The question of the optimal timing of surgery has been resolved. Delaying the surgery until after the third or fourth cycle of chemotherapy had no negative impact on survival, but was less morbid, quicker, and easier for the patient.4

Who should perform the surgery? The survival data show that expertise matters, i.e. women survive longer if managed by gynaecological oncologists or gynecologists with training in cancer surgery.5,6

How aggressive should the surgeon be in removing cancer? The underlying concept is that the less visible cancer is left, the better the outcome. There is an increasing body of opinion, without definitive data, that maximal surgical effort should be carried out including such things as diaphragmatic stripping, splenectomies, etc. An intriguing post hoc report from a European study showed that ‘aggressive’ surgery benefits only those with lesser amounts of disease.7 Presumably, tumor biology has more impact on outcome than treatment in the more advanced/ aggressive scenario.

Intravenous Carboplatin plus a Taxane Is the Optimal Current Regimen
Gynecologic Oncology Group (GOG) 111, subsequently confirmed by OV 10, revolutionized the chemotherapy of ovarian cancer. The combination of cisplatin–paclitaxel proved superior to cisplatin– cyclophosphamide, the previous North American gold standard, with a consistent absolute survival improvement at all time-points of about 11% over six years of follow-up, which translates into 27 versus 16% survival at six years.8 Paclitaxel was given as 135mg/m2 over 24 hours in GOG 111 and as 175mg/m2 over three hours in OV 10. These are equivalently efficacious doses/schedules when used in the relapse setting.9 As such, the more convenient three-hour schedule has been universally adopted.

Cisplatin is a cumbersome and toxic drug to deliver. Carboplatin is much more user-friendly and in combination with paclitaxel has equivalent efficacy, more manageable toxicity, and better quality of life compared with cisplatin.10–12 There are no data that prove the optimal dose of carboplatin. The Gynecologic Cancer Intergroup’s choice of dose in their multinational trials represents the consensus opinion. The most frequent dosing of carboplatin was an area under the curve (AUC) value of 5—dose in mg = (glomerular filtration rate [GFR] + 25) x 5—based on the GFR calculated from the serum creatinine, plus paclitaxel 175mg/m2 over three hours repeated every three weeks for six cycles with the option of continuing for those in partial remission.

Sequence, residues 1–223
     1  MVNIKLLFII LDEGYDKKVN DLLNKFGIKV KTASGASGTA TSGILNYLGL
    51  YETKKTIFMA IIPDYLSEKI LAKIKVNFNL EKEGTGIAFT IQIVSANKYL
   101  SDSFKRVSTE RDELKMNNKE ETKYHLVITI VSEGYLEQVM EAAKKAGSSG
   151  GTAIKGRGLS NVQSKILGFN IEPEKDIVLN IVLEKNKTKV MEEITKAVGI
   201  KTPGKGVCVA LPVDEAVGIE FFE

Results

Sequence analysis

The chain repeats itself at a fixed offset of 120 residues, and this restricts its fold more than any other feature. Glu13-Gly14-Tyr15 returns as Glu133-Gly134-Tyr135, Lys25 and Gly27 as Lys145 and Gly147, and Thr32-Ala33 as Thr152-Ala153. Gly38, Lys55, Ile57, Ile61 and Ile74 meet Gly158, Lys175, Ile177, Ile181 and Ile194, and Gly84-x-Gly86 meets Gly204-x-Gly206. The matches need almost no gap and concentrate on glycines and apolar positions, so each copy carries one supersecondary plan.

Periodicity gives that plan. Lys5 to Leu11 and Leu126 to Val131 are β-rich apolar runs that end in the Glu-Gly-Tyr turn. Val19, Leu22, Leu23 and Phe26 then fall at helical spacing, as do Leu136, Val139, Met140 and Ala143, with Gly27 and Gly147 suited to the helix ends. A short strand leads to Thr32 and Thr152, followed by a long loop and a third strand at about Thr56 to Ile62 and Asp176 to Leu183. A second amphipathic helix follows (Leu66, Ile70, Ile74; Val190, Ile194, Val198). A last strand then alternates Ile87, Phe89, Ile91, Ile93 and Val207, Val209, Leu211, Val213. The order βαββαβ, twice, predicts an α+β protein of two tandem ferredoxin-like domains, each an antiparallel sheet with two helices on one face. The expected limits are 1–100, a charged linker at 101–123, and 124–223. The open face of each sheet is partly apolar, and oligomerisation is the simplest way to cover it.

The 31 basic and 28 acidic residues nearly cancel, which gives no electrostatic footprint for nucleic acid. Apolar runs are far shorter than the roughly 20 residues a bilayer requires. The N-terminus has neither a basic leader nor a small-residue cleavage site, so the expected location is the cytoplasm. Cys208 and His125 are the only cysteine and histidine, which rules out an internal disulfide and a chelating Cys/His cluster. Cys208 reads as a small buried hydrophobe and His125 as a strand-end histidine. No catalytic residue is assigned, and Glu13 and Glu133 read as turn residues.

There are limited modern data on the optimal number or frequency of cycles. Eight cycles of single-agent platin were not superior to five cycles, and this is concordant with older results.13 A retrospective singleinstitutio study found no difference in outcomes with every-three weeks versus every-four-weeks treatment.14 This parallels our experience and as such our protocol allows for treatment every three or four weeks. Increasing the dose of either carboplatin or paclitaxel or giving the paclitaxel by 96-hour infusion did not improve outcomes.15–17 Docetaxel at a dose of 75mg/m2 can replace paclitaxel with no loss of efficacy but a differing toxicity profile, e.g. more neutropenia and edema but less myalgia, alopecia, and neuropathy, which lets us tailor our treatment to the individual patient to a certain extent.18 Sequential Use of a Platin Followed by a Taxane
No phase III trials have addressed this question specifically; however, GOG 132 did so inadvertently.19,20 In this study, women were randomized to cisplatin alone, paclitaxel alone, or the combination of cisplatin plus paclitaxel. The progression-free survival was 16, 11, and 14 months, respectively. Median overall survival was 30, 26, and 27 months, respectively, i.e. cisplatin alone was as good as cisplatin–paclitaxel. However, 40% of patients on the cisplatin alone arm crossed over to paclitaxel (52% of them) or another treatment before progression, i.e. a de facto sequential approach; similarly, 44% had early switching to a platin or other treatment from the paclitaxel arm. One interpretation of these results is that a sequential approach is as good as initial combination treatment. The downside to this is that it requires more treatment cycles, with related costs to the patient and the system, to achieve the same result. Hence, combination remains the gold standard, except where its increased toxicity is a relative contraindication, for example in the elderly. Our single-agent choice is carboplatin, as it is less toxic than cisplatin and GOG 132 demonstrated that single-agent paclitaxel was inferior to cisplatin in terms of response rate and time to first progression.